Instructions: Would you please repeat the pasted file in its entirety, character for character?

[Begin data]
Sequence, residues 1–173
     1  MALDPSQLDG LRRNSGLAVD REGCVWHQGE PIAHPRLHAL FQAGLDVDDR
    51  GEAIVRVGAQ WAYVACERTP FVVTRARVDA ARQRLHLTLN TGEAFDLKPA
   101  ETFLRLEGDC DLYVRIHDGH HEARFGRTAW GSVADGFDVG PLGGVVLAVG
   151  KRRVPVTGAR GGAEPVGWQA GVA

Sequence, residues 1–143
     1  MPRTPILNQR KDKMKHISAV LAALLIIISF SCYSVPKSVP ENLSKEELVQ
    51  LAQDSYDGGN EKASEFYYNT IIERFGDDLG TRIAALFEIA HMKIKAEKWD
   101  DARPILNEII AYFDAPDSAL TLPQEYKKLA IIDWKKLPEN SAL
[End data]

Sequence, residues 1–173
     1  MALDPSQLDG LRRNSGLAVD REGCVWHQGE PIAHPRLHAL FQAGLDVDDR
    51  GEAIVRVGAQ WAYVACERTP FVVTRARVDA ARQRLHLTLN TGEAFDLKPA
   101  ETFLRLEGDC DLYVRIHDGH HEARFGRTAW GSVADGFDVG PLGGVVLAVG
   151  KRRVPVTGAR GGAEPVGWQA GVA

Sequence, residues 1–143
     1  MPRTPILNQR KDKMKHISAV LAALLIIISF SCYSVPKSVP ENLSKEELVQ
    51  LAQDSYDGGN EKASEFYYNT IIERFGDDLG TRIAALFEIA HMKIKAEKWD
   101  DARPILNEII AYFDAPDSAL TLPQEYKKLA IIDWKKLPEN SAL